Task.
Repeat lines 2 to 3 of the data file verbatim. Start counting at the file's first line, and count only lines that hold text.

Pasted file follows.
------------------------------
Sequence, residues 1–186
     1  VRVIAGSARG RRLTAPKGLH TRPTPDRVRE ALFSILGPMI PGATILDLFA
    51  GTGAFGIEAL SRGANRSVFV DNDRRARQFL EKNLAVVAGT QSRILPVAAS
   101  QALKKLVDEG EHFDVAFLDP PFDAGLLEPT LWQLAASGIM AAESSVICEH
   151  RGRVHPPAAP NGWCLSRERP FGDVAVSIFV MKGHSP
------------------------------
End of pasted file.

     1  VRVIAGSARG RRLTAPKGLH TRPTPDRVRE ALFSILGPMI PGATILDLFA
    51  GTGAFGIEAL SRGANRSVFV DNDRRARQFL EKNLAVVAGT QSRILPVAAS